Page 23 of 31PREVNEXT

Charts IV: Charts for the scientist

Two charts with titles using Greek letters and symbols

Having accurate and elegant titles and other labels on your charts makes a big difference to their overall appearance.

Greek letters, symbols, subscript, and superscript: It's difficult to avoid some kind of "special" character in many equations. While it's easy enough to put the symbols in the data on the spreadsheet, it can be very tricky to get the characters to show up on charts.

Once you have mastered getting special characters onto charts, you'll be able to produce professional-looking charts with accurate labels and you'll never look back. These characters are all available from the Insert menu, Symbol command.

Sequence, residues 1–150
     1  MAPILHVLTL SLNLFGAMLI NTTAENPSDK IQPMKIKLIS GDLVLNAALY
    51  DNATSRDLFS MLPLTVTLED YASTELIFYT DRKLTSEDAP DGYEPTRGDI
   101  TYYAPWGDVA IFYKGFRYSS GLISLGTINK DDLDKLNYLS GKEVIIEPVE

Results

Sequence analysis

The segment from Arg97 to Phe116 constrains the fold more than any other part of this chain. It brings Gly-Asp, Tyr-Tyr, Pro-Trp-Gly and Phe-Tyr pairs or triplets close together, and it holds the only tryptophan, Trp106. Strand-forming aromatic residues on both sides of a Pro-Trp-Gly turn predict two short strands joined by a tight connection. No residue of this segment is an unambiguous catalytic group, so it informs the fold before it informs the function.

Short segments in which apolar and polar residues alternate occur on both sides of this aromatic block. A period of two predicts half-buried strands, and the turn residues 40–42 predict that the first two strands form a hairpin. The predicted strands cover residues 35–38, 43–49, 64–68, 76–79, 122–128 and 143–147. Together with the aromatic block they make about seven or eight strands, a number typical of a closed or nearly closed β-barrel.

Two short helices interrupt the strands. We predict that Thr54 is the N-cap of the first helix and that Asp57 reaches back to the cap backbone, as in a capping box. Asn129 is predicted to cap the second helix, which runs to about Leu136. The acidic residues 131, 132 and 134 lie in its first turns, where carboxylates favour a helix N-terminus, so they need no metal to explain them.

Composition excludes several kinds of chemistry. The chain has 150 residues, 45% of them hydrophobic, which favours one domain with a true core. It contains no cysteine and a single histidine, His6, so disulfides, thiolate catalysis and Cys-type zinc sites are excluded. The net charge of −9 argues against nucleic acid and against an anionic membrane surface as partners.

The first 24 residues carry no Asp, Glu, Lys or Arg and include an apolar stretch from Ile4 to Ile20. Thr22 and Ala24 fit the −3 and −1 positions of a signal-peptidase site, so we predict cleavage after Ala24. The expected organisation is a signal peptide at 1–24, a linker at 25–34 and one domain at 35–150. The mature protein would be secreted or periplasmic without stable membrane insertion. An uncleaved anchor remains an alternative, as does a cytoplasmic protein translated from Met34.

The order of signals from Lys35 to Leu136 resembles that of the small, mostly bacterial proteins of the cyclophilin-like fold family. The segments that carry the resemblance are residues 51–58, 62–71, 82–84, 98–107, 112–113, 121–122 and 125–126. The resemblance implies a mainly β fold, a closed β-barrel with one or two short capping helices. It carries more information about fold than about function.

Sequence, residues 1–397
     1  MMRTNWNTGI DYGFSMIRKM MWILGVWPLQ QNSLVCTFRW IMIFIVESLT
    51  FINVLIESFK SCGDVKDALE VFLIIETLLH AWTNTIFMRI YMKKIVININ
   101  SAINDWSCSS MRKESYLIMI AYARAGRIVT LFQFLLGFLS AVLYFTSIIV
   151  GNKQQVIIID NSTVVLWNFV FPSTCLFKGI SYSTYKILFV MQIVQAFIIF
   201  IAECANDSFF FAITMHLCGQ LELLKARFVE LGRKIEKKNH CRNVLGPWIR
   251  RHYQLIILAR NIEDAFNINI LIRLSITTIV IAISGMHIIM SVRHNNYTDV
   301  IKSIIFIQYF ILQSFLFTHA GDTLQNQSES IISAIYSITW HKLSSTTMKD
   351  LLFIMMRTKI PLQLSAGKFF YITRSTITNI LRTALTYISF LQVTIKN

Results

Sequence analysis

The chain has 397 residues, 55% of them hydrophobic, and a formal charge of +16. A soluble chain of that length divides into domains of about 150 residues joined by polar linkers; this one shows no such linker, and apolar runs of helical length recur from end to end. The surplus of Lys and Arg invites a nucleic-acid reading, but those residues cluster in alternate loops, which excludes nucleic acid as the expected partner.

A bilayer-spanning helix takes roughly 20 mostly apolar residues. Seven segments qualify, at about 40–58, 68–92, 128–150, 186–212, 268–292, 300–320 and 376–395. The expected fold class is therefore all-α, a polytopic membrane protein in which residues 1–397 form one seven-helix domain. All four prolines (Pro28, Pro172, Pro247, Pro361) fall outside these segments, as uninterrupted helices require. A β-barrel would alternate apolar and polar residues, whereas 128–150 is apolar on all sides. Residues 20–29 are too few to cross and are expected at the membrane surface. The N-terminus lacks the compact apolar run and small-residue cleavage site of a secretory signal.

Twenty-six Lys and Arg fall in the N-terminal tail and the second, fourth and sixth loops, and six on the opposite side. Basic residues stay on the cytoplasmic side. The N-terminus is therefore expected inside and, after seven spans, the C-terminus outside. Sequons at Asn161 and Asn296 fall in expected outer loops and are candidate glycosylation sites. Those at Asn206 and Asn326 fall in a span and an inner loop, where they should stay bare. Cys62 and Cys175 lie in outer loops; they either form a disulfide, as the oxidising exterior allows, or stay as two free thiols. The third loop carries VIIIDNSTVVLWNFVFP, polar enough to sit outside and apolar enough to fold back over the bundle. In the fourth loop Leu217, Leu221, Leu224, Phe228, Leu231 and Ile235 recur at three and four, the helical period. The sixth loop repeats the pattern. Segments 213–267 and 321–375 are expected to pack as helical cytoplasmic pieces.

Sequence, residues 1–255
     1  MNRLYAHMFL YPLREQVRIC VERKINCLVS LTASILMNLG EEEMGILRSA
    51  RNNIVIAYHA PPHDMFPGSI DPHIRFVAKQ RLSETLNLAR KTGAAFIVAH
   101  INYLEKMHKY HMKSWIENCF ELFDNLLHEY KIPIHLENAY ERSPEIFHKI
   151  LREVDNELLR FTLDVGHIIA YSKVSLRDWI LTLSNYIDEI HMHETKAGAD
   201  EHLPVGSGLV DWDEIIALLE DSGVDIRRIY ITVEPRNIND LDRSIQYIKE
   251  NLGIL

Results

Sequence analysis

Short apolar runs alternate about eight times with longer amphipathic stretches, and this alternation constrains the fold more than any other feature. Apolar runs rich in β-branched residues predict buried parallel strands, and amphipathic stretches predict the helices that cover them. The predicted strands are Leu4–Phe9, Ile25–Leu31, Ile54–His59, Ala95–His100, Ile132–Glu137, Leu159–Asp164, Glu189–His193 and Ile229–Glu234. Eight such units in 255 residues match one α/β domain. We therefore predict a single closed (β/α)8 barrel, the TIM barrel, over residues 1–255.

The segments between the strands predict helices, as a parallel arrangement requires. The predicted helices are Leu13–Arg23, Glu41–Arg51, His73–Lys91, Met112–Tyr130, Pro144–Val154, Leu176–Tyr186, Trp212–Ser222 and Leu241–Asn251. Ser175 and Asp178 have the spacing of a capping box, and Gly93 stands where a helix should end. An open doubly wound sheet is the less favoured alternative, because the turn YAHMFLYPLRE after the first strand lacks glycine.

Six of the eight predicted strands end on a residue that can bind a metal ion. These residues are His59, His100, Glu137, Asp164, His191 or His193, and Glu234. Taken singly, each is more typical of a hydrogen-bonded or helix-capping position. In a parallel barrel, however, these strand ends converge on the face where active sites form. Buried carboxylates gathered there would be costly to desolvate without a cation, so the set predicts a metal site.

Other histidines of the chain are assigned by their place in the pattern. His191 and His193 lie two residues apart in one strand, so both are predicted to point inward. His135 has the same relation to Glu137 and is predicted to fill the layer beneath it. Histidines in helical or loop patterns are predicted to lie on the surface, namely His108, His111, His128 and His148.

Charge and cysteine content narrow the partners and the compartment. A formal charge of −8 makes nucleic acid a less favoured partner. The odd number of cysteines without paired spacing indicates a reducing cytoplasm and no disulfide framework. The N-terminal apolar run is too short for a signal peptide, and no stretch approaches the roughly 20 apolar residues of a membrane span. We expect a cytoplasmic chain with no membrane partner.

You need to use the Unicode equivalent of the character you want to get to appear on the chart label. You'll see exactly how to do this in the practice session at the end of the lesson.

Unicode is a character encoding standard where many symbols and letters in various languages are identified by a numeric code.

Note    You may be used to using the Symbol font, where a is displayed as α, and so on. But using the Insert, Symbol method is a much better solution because Unicode is supported in the text boxes for titles and labels on charts, while the Symbol font isn't.

Page 23 of 31PREVNEXT